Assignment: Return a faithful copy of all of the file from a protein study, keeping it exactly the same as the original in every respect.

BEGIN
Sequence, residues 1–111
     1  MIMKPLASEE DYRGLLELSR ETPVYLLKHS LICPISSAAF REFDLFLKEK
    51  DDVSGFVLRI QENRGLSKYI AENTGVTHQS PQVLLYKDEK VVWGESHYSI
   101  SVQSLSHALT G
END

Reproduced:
Sequence, residues 1–111
     1  MIMKPLASEE DYRGLLELSR ETPVYLLKHS LICPISSAAF REFDLFLKEK
    51  DDVSGFVLRI QENRGLSKYI AENTGVTHQS PQVLLYKDEK VVWGESHYSI
   101  SVQSLSHALT G